The second most popular location is the Dominican Republic. It specializes in calls coming from the U.S. Hispanic market. But the region has one downside — the fact that labor and telecommunications costs can top call center expenses elsewhere.

And the pay for Caribbean agents ranges from $14 to $18 per hour, compared with $9 to $11 in India, and $12 to $13 in The Philippines.

Another problem is the lack of a big labor pool — firms can’t staff mega call centers like they can in India or China.

Botswana is another emerging location, says Hall. The country offers a stable, democratic government, and English is the official language. What’s more, you can get a 200% credit on employee training.

What’s that mean? That for every dollar you spend teaching call center workers, the government pays them two. This, in effect, has turned training in Botswana into “a revenue source for some foreign companies,” Hall says.

BEST PRACTICES


Whatever you do, choose your site carefully. “The physical location of your contact center is a consideration because you want to be physically present to have your offshore CSRs recognize you as the client and feel some connection, loyalty, and responsibility, toward you and your company.”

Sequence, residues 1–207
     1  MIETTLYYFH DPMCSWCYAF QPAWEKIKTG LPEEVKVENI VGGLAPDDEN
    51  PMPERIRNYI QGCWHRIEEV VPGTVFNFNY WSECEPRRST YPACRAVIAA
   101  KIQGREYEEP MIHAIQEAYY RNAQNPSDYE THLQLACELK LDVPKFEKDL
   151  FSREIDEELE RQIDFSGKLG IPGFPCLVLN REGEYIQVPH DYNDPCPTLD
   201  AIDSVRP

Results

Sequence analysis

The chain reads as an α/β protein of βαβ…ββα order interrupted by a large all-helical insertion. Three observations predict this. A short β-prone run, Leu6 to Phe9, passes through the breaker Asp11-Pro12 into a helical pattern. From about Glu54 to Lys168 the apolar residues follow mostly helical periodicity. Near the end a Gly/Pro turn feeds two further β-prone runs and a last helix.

Frequent videoconferencing may “be a great way to get around the time and travel hurdles,” Kislik adds.

Here are some other tips:


  • Be prepared to invest time and effort.
  • Check references.
  • Listen to live calls. Creative Irish Gifts often reviews random recordings, Rauckhorst says. “We queue and review all of their orders so we’re able to catch any obvious errors,” she says. And if the customer has a problem? The offshore agent can add notes to the order or put the order on hold. “If a customer refuses to call our customer service for further assistance, it gets e-mailed to us and we follow up with the person,” she says.
  • Look for companies with experience in serving catalog clients.
  • Be certain that the center can support your needs. There’s no point using a firm that will be overwhelmed in a crisis.
  • Select the host country wisely. It’s preferable to consider countries which the population is Westernized, where the labor force speaks American English, and where there is a familiarity with American culture. It also helps to chose a country in which there is a favorable attitude toward Americans in general.